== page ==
DMVMoves holds first task force meeting to discuss future of Metro transit system

A very important meeting will take place on Monday afternoon in Arlington, Virginia. That’s where a 20-person Task Force will gather for the first ever "DMVMoves" meeting to discuss the future of WMATA, the public transit system of the nation’s capital.

The Task Force is a new effort by the Metropolitan Washington Council of Governments and WMATA to create a unified vision for the region’s public transit system, as well as secure sustainable funding.

READ MORE: Metro approves $4.8B budget, hikes fares but avoids drastic cuts

WMATA officials say Metro is the only major public transit system in the country without dedicated funding. Dividing up how much the surrounding jurisdictions and federal government should be paying is an issue each year.

In recent years, WMATA has also consistently warned of serious budget shortfalls. Last year, Metro’s CEO Randy Clarke announced an unprecedented $750 million budget shortfall for Fiscal Year 2025, with drastic cuts to service and staff projected if not addressed.

WMATA was able to approve a budget in April that avoided the proposed doomsday cuts. However, that budget included a fare increase and surrounding jurisdictions had to pay even more, impacting their budgets.

Asked if the Task Force will help the transit system’s situation, passenger Jay Eddie sounded more skeptical.

READ MORE: Metro budget gap could mean layoffs, service cuts, WMATA says

"I’ve heard about this task force for over about what, a year now?" said Eddie while also gesturing with air quotes. "The funding, I believe, is going elsewhere. It’s not going where it’s supposed to be. That’s why we constantly see deadlines not being met. Rideshare for Metro alone, it’s down at this point. I don’t know what’s going on – even with the new system putting those gates up. Um, I’ve seen the kids jump over it. And it’s still not – you know, nothing’s being resolved," he added, frustrated with the system as is."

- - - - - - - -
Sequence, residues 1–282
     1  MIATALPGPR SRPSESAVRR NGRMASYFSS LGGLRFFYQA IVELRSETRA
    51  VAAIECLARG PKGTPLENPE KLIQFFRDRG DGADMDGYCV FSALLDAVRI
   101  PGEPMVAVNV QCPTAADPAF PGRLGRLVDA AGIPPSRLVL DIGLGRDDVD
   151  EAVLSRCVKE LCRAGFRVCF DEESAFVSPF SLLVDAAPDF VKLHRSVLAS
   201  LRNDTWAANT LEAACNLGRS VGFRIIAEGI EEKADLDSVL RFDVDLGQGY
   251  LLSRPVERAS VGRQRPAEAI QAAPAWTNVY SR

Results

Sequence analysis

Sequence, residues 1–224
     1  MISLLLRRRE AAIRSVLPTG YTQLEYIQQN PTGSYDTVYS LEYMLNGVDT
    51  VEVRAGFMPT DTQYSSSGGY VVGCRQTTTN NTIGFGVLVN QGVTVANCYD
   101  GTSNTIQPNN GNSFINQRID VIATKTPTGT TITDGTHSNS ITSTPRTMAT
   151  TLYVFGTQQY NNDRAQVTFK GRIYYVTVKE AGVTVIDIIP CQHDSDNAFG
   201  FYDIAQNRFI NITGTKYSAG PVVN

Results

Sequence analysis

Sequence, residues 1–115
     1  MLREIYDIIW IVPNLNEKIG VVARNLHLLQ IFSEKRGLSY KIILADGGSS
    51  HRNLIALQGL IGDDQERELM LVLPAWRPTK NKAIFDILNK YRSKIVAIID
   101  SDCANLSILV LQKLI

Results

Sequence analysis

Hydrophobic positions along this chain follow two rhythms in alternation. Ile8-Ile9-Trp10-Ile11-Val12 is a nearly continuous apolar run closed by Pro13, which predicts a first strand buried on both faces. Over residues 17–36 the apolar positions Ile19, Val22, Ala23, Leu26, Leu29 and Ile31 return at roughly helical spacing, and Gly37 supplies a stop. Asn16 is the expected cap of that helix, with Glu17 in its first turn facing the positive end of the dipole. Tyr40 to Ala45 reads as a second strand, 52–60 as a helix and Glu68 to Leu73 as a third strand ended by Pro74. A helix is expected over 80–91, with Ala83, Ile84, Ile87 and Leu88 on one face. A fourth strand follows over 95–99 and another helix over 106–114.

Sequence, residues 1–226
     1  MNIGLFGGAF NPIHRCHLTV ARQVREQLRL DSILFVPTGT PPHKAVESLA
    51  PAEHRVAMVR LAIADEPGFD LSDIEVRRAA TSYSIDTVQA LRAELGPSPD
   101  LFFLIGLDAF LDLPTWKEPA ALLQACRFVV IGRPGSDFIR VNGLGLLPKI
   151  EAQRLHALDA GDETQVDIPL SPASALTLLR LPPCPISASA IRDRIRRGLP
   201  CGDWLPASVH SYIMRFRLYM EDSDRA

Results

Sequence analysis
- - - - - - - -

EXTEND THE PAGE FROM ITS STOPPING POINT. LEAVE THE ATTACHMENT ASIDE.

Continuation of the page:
Eddie was also not the only rider to equate issues with fare evasion to budget gaps, even though WMATA’s reasons for the budget shortfall are different.

"The biggest thing I’ve seen is a lot of fare jumpers. I never saw it before, and now it’s three, four, five at this stop, alone, every week. It almost makes you think, why are you paying for it? And if it’s just this one stop,  how much is that affecting the budget? How much more am I going to have to pay , cause just to go downtown is $11 for Metro and $5 for parking. It’s expensive just to work now," said Ted Getting, who also told FOX 5, "A task force is just a way for government to put off a decision."

WMATA claims the three main drivers of the Fiscal Year 25 budget deficit were due to Jurisdiction Subsidy Credit, Decreased revenue (with overall ridership still down from pre-pandemic levels) and then inflation and collective bargaining costs.

WMATA officials also warned in April, the budget shortfalls are only going to get worse.

General Manager Randy Clarke noted on social media, thanks to this past Saturday’s Pride celebrations, Metro saw the highest weekend ridership on Saturday since the Washington Nationals won the 2019 World Series.

The Monday meeting takes place at noon. You can follow the Task Force and follow a live stream of the meeting here.